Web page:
Light-sample interaction in microsphere enhanced 2D super-resolution imaging

Show simple item record Maconi, Goran Kassamakov, Ivan Vainikka, T. Arstila, Timo Haeggstrom, Edward
dc.contributor.editor Lehmann, Peter
dc.contributor.editor Osten, Wolfgang
dc.contributor.editor Gonçalves Jr., Armando Albertazzi 2020-05-13T13:22:02Z 2020-05-13T13:22:02Z 2019
dc.identifier.citation Maconi , G , Kassamakov , I , Vainikka , T , Arstila , T & Haeggstrom , E 2019 , Light-sample interaction in microsphere enhanced 2D super-resolution imaging . in P Lehmann , W Osten & A A Gonçalves Jr. (eds) , Optical Measurement Systems for Industrial Inspection XI . Proceedings of SPIE , vol. 11056 , SPIE - the international society for optics and photonics , Bellingham, WA , Optical Measurement Systems for Industrial Inspection , München , Germany , 24/06/2019 .
dc.identifier.citation conference
dc.identifier.other PURE: 132386682
dc.identifier.other PURE UUID: 12ca1403-1ad1-4486-96b6-40ee2282ba8f
dc.identifier.other WOS: 000502140100020
dc.identifier.other ORCID: /0000-0002-1256-7966/work/70953312
dc.description.abstract We simulate the image generated by a microsphere residing in contact on top of an exposed Blu-ray disk surface, when observed by a conventional microscope objective. While microsphere lenses have been used to focus light beyond the diffraction limit and to produce super-resolution images, the nature of the light-sample interaction is still under debate. Simulations in related articles predict the characteristics of the photonic nanojet (PNJ) formed by the microsphere, but so far, no data has been published on the image formation in the far-field. For our simulations, we use the open source package Angora and the commercial software RSoft FullWave. Both packages implement the Finite Difference Time Domain (FDTD) approach. Angora permits us to accurately simulate microscope imaging at the diffraction limit. The RSoft FullWave is able to record the steady-state complex electrical and magnetic fields for multiple wavelengths inside the simulation domain. A microsphere is simulated residing on top of a dielectric substrate featuring sub-wavelength surface features. The scattered light is recorded at the edges of the simulation domain and is then used in the near-field to far-field transformation. The light in the far field is then refocused using an idealized objective model, to give us the simulated microscope image. Comparisons between the simulated image and experimentally acquired microscope images verify the accuracy of our model, whereas the simulation data predicts the interaction between the PNJ and the imaged sample. This allows us to isolate and quantify the near-field patterns of light that enable super-resolution imaging, which is important when developing new micro-optical focusing structures. en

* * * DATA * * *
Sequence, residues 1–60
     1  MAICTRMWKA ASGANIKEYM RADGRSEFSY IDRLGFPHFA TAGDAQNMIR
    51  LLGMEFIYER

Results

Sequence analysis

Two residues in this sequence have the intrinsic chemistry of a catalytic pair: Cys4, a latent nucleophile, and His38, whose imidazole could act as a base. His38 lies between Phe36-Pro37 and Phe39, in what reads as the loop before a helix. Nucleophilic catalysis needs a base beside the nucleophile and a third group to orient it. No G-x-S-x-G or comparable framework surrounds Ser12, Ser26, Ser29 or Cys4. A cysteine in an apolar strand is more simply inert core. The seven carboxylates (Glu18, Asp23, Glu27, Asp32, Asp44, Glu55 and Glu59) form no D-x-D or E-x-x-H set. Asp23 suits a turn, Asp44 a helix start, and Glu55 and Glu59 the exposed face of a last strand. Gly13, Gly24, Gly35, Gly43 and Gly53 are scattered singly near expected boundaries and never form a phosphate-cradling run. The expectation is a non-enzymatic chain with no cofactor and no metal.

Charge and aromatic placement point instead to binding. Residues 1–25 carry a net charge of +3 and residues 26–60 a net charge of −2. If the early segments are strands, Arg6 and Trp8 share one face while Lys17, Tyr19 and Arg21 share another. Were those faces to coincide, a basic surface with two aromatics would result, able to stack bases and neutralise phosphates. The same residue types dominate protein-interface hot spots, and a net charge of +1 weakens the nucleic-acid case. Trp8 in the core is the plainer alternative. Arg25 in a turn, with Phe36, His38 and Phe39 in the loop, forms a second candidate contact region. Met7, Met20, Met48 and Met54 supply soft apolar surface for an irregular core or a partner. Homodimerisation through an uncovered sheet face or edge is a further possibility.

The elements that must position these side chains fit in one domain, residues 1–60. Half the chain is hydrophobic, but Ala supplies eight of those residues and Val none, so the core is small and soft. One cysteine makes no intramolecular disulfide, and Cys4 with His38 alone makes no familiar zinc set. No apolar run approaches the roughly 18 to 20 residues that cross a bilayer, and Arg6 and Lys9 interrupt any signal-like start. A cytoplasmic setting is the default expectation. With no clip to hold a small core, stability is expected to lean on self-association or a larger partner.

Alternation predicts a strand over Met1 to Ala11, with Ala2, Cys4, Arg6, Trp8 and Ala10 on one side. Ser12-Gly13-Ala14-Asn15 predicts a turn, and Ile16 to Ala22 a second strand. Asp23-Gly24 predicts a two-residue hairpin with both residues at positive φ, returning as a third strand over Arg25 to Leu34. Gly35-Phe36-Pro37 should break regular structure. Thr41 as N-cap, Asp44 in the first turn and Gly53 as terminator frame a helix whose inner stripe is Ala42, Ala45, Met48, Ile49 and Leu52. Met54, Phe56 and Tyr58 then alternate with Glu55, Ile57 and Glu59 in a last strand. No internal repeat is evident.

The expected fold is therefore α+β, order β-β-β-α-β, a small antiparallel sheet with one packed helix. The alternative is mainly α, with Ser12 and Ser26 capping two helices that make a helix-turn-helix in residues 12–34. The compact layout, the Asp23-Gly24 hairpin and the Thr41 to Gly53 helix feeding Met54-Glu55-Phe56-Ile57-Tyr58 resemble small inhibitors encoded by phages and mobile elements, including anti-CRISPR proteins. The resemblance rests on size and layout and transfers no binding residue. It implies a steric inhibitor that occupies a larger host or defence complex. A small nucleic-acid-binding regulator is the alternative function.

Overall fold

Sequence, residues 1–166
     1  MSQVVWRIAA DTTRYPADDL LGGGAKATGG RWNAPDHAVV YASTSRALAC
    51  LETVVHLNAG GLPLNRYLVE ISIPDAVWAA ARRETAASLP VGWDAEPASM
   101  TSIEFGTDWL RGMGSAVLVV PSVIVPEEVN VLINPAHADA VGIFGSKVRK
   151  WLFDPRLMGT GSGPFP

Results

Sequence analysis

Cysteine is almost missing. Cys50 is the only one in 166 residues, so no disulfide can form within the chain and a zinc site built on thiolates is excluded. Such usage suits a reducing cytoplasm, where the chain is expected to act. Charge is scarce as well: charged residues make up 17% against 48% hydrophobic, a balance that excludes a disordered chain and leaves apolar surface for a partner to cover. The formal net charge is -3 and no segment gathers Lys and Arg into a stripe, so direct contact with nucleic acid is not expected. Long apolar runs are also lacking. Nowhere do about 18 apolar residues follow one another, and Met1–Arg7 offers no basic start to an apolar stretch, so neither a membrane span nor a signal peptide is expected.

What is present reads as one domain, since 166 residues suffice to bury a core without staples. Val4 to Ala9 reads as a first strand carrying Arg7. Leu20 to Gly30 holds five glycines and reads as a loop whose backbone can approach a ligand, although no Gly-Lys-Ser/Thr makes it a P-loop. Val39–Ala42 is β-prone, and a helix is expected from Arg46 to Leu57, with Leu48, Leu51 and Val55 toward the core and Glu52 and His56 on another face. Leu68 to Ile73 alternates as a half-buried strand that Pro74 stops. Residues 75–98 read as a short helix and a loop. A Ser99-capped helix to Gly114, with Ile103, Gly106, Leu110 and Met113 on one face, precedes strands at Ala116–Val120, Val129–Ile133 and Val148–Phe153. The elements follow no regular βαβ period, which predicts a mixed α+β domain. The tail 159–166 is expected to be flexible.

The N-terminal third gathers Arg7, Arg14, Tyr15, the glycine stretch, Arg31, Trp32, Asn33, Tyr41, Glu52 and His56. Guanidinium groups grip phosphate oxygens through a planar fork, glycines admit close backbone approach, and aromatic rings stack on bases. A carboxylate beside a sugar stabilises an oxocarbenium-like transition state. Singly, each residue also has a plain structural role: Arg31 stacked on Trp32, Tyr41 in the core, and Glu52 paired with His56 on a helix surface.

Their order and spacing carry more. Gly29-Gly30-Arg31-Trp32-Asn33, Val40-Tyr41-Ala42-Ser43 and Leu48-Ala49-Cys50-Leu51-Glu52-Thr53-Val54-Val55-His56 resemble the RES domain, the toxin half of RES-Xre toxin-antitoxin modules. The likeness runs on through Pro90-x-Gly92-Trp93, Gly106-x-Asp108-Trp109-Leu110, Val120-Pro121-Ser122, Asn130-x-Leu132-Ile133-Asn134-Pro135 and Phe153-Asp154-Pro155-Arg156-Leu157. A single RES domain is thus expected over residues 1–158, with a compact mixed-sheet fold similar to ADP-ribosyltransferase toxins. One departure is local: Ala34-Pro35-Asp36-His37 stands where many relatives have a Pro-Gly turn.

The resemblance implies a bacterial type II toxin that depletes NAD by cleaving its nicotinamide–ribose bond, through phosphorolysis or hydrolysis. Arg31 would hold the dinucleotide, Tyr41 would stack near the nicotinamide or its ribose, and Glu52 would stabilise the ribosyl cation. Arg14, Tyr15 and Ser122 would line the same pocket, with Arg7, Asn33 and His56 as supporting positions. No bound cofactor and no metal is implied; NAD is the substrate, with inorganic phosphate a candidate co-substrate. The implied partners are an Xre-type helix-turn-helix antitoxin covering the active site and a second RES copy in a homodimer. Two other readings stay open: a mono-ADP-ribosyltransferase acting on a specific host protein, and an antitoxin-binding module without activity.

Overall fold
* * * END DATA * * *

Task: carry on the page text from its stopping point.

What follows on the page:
dc.format.extent 7
dc.language.iso eng
dc.publisher SPIE - the international society for optics and photonics
dc.relation.ispartof Optical Measurement Systems for Industrial Inspection XI
dc.relation.ispartofseries Proceedings of SPIE
dc.relation.isversionof 978-1-5106-2791-8
dc.relation.isversionof 978-1-5106-2792-5
dc.rights unspecified
dc.rights.uri info:eu-repo/semantics/openAccess
dc.subject Super-resolution imaging
dc.subject FDTD
dc.subject simulation
dc.subject Near-field optics
dc.subject Photonic nanojet
dc.subject 114 Physical sciences
dc.title Light-sample interaction in microsphere enhanced 2D super-resolution imaging en
dc.type Conference contribution
dc.contributor.organization Materials Physics
dc.contributor.organization Department of Physics
dc.description.reviewstatus Peer reviewed
dc.relation.issn 0277-786X
dc.rights.accesslevel openAccess
dc.type.version acceptedVersion

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